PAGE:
like Lara’s employer to be heartless monsters, only for the idealistic revolutionaries like
Lara’s husband to become equally heartless. Lara and Zhivago are caught in the middle
of these blurred distinctions. Lara dines and dances with her creepy, oligarch
employer Komarovsky at a fancy club, but when she meets up with her wide-eyed idealist husband-to-be,
Pasha, a few scenes later, he says this is — “Where the pigs were eating and dancing!”
— not knowing Lara was there. At the end of the movie, Zhivago must accept
Komarovsky’s help to save Lara — “These men that came with me today, as an escort,
will come for her and the child tomorrow, as a firing squad! — a man who earlier raped
Lara and then was shot by her, a wound Zhivago is asked to heal. These are the kind of complexities and confused
loyalties that life in a time of conflict creates; complexities that don’t really
exist in Attack of the Clones. For example, where Dr. Zhivago has the character
of Pasha, a political protester turned tyrannical commander, Attack of the Clones has Count
Dooku, a former Jedi turned traitor to the Republic. Both characters are depicted in similar ways. Pasha, who becomes the commander of the Red
Army, changes his name to ‘Strelnikov’, and Count Dooku changes his name to Tyranus. They are both either shown or explained to
be idealists at the start. Dooku is referred to within the first five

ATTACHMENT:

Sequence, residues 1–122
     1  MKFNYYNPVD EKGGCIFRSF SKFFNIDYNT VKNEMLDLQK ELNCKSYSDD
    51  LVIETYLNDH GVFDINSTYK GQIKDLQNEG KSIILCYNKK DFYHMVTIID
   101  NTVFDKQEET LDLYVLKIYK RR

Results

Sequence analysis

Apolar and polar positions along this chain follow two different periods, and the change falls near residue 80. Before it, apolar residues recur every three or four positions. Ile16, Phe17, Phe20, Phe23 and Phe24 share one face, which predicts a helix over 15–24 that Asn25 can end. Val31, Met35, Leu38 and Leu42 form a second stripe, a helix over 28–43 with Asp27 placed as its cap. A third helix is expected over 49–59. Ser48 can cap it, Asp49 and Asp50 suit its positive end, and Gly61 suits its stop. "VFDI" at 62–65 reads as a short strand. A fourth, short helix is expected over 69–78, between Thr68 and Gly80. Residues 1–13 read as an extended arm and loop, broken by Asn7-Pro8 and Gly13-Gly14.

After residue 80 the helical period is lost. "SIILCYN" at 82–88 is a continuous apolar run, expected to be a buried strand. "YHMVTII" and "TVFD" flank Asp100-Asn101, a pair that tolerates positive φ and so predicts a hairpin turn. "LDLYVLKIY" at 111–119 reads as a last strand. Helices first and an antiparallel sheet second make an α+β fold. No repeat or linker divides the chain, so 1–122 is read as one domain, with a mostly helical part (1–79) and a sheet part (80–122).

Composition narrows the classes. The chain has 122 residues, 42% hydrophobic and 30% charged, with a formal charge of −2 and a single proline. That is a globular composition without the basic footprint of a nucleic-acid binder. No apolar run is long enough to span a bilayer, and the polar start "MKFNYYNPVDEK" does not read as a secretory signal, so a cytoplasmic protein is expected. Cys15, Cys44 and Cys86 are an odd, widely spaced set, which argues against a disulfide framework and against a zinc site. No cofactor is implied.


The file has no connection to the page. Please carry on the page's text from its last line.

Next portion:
minutes of the movie as, — “He’s a political idealist, not a murderer.” “You know, my lady, Count Dooku was once
a jedi. He couldn’t assassinate anyone; it’s not
in his character.” — while we are introduced to Pasha handing
out fliers to workers for a protest. The problem is how we see these characters
change and develop over the course of the movie. We think Pasha is killed in the trenches of
WWI only for his reveal as Strelnikov to be the shock twist that concludes the first half
of the movie. We knew his allegiances before the war, and
it makes sense that he would make his way up the ranks of the Bolshevik army. It’s a twist because we thought he was dead
not because his motivations changed. There is no revelation or even catharsis in
Attack of the Clones. The next time we hear anything about Dooku,
after his passing mention at the start, is over halfway through when he appears and basically
explains his entire conspiracy while Obi Wan is in earshot. After that, he tries to convince Obi Wan to
join his cause by pretending to be on his side — “Oh no, my friend, this is a mistake,
a terrible mistake they have gone too far! This is madness!” This would have been a great opportunity to
develop his character more. If he had been introduced earlier, it could
show some conflict about his ideals, maybe then Obi Wan would sympathize with him. But no, the next minute Dooku sentences them
all to death, chops off Anakin’s arm and delivers the Death Star plans to Darth Sidious. No such moral ambiguity there. Other than a few sentences from nameless characters
at the start, the audience is given no reason to care about Dooku’s treachery or where
his loyalties lie. A lot of these problems can be traced back